How to drive from Flores (San Benito) Peten to Paso Caballos
(Rio San Pedro Martyr, for boat to Las Guacamayas or El Peru-Waka’)
These driving instructions can get you to either Las Guacamayas biology research station or towards the Mayan ruins of El Peru, which are just a few kilometers from Las Guacamayas.
First challenge is to find your way through Santa Elena and San Benito. So focus on finding the main street through San Benito, the city on the mainland which faces the island town of Flores. Santa Elena is the town where the international airport is located. You drive through Santa Elena to reach San Benito (they are simply both suburbs of each other). Both face the Lake Peten Itza and the island of Flores (and the ruins of Tayasal on the other side of the lake).
One way to find your way through any town in Guatemala is to pay a Tuc-tuc driver to lead you to the highway that goes outside that town. Or, ask how to get to a place that is on the road you need to be on. So ask how to get to Hotel Palacio Maya (should be at your left).
A few blocks down the same street is Hotel Oriental #2 at your left with a Gasolinera Puma across the street (keeping in mind that there are Puma gas stations in many other parts of the city).
Then a kilometer or so later you come to a rather larger than normal redondel (or glorieta). It has two fat but not very high ceiba trees at one end. There is a large clearly visible Shell gas station on the far side of the redondel. To the left is a no-brand gas station (which you will not notice since it is far to the left).
Three forks in the road here:
- Far left, goes to La Libertad via San Francisco
- Middle: goes to La Libertad, but not paved
- Right: goes where you want to go
|Landmark||Our Vehicle's odometer||How far from "Flores"|
|San Benito||601||0 Km|
Bridge over wide river or narrow lake. You want to take a left immediately after the bridge; to the right goes towards El Mirador (ruins).
|611||10 Km from San Benito (suburb of Flores)|
|Long town of Sacpuy||627, keep straight ahead||26 Km from San Benito|
|Lots of Palo de Tinto at the left||631||30 Km|
|Caseria Bocadilla||634||33 Km|
|La Union||635||34 Km|
|Another aldea Caseria Atalun San Andres, Caseria La Ceibita||638, road to the right goes to Juventud, you stay straight||37 Km|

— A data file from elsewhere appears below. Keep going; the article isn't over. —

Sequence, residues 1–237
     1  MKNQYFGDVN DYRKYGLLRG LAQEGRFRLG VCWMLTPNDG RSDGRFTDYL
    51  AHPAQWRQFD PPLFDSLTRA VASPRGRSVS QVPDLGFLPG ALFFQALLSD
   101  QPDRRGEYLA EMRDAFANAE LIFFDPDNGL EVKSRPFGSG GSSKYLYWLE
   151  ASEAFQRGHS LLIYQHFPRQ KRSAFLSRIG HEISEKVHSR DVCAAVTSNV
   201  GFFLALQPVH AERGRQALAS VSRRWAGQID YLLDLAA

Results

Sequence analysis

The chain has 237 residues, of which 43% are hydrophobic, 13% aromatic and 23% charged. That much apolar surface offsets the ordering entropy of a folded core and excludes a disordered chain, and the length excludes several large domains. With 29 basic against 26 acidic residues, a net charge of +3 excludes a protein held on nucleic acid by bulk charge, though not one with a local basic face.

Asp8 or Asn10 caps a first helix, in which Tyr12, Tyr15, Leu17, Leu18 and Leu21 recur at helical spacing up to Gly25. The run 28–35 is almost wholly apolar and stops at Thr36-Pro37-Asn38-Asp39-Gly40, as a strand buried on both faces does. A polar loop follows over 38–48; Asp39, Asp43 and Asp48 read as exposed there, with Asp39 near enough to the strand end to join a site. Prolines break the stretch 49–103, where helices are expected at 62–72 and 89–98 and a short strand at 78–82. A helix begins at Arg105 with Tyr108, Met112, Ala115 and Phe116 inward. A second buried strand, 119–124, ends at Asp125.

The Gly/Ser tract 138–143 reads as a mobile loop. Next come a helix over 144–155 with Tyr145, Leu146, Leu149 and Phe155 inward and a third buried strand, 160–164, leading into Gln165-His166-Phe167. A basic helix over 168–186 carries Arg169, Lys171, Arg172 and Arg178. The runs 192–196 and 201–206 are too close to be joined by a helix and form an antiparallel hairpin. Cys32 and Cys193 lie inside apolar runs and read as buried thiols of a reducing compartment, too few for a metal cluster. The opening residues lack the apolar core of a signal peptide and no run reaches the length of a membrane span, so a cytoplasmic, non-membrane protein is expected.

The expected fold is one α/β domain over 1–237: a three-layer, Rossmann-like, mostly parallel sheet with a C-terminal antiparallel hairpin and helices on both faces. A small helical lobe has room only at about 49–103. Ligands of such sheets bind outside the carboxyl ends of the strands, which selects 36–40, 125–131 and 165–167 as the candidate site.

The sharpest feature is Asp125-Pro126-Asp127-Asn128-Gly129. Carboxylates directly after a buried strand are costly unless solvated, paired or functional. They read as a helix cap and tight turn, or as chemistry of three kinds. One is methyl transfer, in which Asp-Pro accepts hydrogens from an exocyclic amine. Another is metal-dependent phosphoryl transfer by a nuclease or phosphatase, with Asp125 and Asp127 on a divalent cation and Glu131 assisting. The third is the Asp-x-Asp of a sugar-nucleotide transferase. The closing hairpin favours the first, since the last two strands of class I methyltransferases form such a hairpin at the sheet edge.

|Another road to the left; blue church to the right; you stay straight ahead||Km 47||46 Km|
|Two Ceiba trees at the right; this is a major turn (to the right)||Km 47||46 Km|
|Desvio||Km 50||49 Km|
|Paso Caballos, Rio San Pedro Martyr||Km 67||66 Km from San Benito|
You can also use Google Maps to find your way
Basically, stay on the most traveled road; most turn-offs are not as wide or well traveled as the main road. Most turn-offs to the left go to fincas or haciendas. The only actual intersection where you will actually make a 90-degree turn is at the two Ceiba trees. Here you turn right.There are not really any signs telling you where you are going. Only signs telling you where you are when you notice the school construction signs put up by the government to show that they are spending a least a tad of taxpayer money on something other than corruption. These “Hey, we did spend a few pennies for the public good here in this town school,” give the name of the town, and the name of the municipio (which is San Andres).
Takes between 90 minutes if you drive without stopping to take photos. More likely two hours, depending how fast or how slow you drive. If you stop to take photos, perhaps three hours.
4WD not required but in some months might be very useful. The road is in much better condition now than two years ago. But road condition varies considerably month by month (depending on rainfall and whether anyone in the local government is having the road graded).
One year we had a rented 4WD Volvo SUV. Too low to survive; tore off much of the underside (plus the Volvo was a piece of junk; worst vehicle I have driven, other than a Nissan van which was even more poorly designed than the Volvo).
There is a recently enhanced Catholic church at your left. About 20 or 30 meters turn left and go downhill to the river. It would be not appropriate to take photographs of the village Q’eqchi’ Mayan people bathing in the river.
In Paso Caballos there is a place to leave your car. Just realize that there is not always someone in the house to notify; but simply open the gate and park your car there. Try not to let the turkeys run outside the house yard (but if they do, not fatal). The boat ride to Las Guacamayas varies between 12 and 20 minutes, depending size of the boat’s motor, and whether they or you are in a hurry. If you stop to take a few snapshots, the trip is about half an hour.
There are guides in the village who speak both Q’eqchi’ Mayan and Spanish. I doubt any speak English. Fee is 200 quetzales for a day or half day. Would need to make reservation for the guide through Las Guacamayas, since they know all the local people. For touring within the area of Las Guacamayas, they have their own guides.
In the dry season you can drive all the way to Las Guacamayas and to the ruins of El Peru, but we did not want to risk these seldom traveled trails in the rainy season (which definitely need 4WD). Plus, we stay at Las Guacamayas and not at the ruins.
There is a CONAP stop when you enter the area of the nature reserve. They will ask for your name for their list. This CONAP station is about 4 kilometers from Paso Caballos.
Contact information for Las Guacamayas
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First posted September 2015.
After our fifth visit to Las Guacamayas Biological Station. We appreciate the hospitality of Nini Berger (founder of the current status of this research station) and Jeovany Tut Rodriguez (manager and guide).